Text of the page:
Fascism is like Communism, and dishonest into the bargain. The dictators suppress all art, literature, theatre, music, news, that does not meet their requirements; yet the world only moves by the light of genius. The herd will be destroyed in mass.

The establishment of the Law of Thelema is the only way to preserve individual liberty and to assure the future of the race.

Writing further on the topic, he added in The Equinox of the Gods:

The book announces a New Law for mankind. It replaces the moral and religious sanctions of the past, which have everywhere broken down, by a principle valid for each man and woman in the world, and self-evidently indefeasible.  The spiritual Revolution announced by the book has already taken place: hardly a country where it is not openly manifest.

Ignorance of the true meaning of this new Law has led to gross anarchy. Its conscious adoption in its proper sense is the sole cure for the political, social and racial unrest which have brought about the World War, the catastrophe of Europe and America, and the threatening attitude of China, India and Islam. Its solution of the fundamental problems of mathematics and philosophy will establish a new epoch in history. But it must not be supposed that so potent an instrument of energy can be used without danger.

I summon, therefore, by the power and authority entrusted to me, every great spirit and mind now on this planed incarnate to take effective hold of this transcendent force, and apply it to the advancement of the welfare of the human race.

Fixing things isn’t just a matter of changing this particular policy, or that particular policy.  It isn’t about electing the right party.  It isn’t about trying to roll back the clock to the 1950s, or 1800s, or 1600s – even if we could do such a thing.  It isn’t going to be solved by stealing from the rich and giving to the poor, nor by putting our heads in the sand and hoping it will all go away.  We need to change our way of looking at the world.  Cats grow from kittens.  Dogs grow from puppies.  The modern world grew from the controlling ideology that we set up over 2000 years ago, and we need a new one.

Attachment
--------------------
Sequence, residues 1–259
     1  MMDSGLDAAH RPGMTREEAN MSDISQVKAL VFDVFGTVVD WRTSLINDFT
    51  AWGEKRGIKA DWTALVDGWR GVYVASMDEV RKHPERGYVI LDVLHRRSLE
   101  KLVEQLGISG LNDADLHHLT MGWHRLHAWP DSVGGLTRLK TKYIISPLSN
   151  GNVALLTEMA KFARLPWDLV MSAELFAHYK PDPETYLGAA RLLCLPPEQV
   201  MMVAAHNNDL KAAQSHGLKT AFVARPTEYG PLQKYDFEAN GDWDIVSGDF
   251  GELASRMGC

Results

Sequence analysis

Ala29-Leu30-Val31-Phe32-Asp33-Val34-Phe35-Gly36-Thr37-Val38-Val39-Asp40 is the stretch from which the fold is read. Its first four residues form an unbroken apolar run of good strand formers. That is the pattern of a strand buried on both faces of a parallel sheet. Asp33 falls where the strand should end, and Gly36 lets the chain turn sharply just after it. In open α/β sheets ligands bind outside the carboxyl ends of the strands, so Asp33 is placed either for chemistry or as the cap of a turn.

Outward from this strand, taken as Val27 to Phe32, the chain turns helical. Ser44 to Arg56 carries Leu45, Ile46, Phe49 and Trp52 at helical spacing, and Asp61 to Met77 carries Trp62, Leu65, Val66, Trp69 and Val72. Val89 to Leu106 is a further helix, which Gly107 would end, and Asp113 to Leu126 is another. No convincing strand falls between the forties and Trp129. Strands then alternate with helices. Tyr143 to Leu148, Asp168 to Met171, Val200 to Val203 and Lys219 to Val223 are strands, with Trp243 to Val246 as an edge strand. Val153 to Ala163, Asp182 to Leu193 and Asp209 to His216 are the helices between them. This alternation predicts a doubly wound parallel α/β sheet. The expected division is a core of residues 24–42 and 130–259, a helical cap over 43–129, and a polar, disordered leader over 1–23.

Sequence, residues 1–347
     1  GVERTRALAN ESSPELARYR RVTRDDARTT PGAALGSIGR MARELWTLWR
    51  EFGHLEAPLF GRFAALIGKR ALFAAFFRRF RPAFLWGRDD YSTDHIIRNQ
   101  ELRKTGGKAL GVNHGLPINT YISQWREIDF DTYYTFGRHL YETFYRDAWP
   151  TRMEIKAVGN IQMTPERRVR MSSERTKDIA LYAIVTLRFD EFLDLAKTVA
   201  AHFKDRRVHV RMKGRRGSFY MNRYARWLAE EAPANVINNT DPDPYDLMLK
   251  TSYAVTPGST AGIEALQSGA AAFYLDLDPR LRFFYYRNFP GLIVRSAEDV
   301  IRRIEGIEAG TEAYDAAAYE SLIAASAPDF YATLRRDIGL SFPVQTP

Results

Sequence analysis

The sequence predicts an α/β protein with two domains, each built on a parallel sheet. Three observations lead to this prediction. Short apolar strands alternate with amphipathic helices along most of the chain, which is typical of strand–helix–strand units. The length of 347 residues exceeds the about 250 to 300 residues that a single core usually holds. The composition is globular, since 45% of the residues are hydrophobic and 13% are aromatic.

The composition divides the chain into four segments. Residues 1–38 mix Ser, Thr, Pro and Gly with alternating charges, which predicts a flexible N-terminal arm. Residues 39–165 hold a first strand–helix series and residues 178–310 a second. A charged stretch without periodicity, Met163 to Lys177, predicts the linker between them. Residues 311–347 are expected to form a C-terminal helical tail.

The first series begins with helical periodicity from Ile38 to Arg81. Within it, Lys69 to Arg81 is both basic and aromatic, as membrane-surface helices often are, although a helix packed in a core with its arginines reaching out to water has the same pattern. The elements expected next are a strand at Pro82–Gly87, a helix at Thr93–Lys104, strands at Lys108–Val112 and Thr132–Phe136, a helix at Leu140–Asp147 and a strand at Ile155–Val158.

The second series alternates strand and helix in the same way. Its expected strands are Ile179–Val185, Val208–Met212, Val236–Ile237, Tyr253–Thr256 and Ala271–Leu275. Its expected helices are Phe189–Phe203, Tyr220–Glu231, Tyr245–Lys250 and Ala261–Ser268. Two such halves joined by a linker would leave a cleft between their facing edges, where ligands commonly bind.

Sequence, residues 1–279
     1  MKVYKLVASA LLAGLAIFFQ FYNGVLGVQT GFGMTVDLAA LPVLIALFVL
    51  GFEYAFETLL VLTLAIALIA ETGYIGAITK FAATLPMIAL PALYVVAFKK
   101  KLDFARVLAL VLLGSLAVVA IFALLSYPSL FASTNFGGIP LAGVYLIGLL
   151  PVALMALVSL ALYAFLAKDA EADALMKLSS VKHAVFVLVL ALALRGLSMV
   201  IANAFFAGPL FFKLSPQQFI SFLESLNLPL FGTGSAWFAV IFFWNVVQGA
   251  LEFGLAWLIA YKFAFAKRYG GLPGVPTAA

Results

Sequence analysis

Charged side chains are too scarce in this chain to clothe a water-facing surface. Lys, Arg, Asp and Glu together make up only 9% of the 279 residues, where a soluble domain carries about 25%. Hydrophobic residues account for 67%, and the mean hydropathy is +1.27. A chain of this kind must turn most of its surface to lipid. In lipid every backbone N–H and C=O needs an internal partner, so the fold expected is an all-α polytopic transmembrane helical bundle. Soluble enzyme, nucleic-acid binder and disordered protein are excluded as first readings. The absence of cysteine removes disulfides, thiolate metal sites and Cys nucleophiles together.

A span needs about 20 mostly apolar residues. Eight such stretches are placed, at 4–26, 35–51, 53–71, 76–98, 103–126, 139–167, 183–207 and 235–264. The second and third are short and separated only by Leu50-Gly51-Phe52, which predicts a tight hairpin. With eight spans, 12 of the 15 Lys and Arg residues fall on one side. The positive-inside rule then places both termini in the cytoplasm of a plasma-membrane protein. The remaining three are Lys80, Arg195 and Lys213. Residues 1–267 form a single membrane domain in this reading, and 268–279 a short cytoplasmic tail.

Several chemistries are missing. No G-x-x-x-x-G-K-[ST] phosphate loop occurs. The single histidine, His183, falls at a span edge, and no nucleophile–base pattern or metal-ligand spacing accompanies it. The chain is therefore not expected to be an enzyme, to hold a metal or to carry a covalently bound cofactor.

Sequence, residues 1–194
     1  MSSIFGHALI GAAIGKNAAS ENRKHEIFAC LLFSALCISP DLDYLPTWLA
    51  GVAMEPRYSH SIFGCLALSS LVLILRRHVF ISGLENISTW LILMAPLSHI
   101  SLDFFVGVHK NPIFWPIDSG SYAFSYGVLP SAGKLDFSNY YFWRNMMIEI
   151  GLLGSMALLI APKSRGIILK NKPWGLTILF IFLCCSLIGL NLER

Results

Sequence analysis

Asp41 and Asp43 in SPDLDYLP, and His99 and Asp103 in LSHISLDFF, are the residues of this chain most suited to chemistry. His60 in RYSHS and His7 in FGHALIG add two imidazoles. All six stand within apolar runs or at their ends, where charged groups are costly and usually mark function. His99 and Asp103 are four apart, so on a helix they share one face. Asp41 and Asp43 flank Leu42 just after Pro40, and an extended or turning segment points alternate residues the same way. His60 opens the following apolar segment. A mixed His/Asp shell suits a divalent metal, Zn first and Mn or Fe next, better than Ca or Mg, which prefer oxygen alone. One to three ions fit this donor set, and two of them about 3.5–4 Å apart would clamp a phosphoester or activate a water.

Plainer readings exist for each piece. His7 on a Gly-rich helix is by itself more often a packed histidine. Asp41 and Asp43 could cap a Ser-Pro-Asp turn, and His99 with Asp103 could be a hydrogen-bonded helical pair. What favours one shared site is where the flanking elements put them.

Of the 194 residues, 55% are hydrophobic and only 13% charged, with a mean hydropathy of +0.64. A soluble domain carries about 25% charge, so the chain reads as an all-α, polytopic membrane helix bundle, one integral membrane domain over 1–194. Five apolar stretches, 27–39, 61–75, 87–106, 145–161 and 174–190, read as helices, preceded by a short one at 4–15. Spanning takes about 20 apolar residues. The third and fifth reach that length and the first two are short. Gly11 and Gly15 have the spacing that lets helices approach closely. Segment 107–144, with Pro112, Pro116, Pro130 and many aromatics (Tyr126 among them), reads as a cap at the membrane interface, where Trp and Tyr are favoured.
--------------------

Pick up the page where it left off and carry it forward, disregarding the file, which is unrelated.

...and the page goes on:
How Can We Change?

In the next part I will explain, as best I can, the essential features of the Thelemic model.  Before I do, I’d like to spend a few minute talking about the act of changing itself.  This is, perhaps, one of the hardest and most significant things one can do in any given lifetime.  Ideology is in many ways nearer and dearer to us than our own lives.  Consider how many people are willing to sacrifice themselves for what they believe to be good, true and beautiful, like a child, or a friend, or one’s country.  That is ideology at work.  The German philosophy Heidegger said that men and women must “take a stand on their being”.  We are the only creatures on the Earth who must choose how to live.  We are not born with this knowledge.  We must discover it ourselves.  In doing so, we make a statement about what life is “all about”.  Even if we never write down the reasons for our choices, or even spend much time thinking about them, our actions speak louder than our words.  The ancient Greeks who gave us Philosophy called this our “Ethos”, which is where we get the word “ethics”.  It refers to our way of going about life.   When you seek to change ideologies it follows as a matter of course that you must change your ethics.  Since ethics, or morality, is about all we have left of the old ideology derived from monotheism, this change can be quite frightening.  We fear that we will fall into the worst possible excesses, or will be forced by our new model to turn a blind eye towards evil, or that we are simply wrong and will be somehow punished for our transgression.  I wish I could make this process of transition easier on people, but I cannot.  You simply must persevere.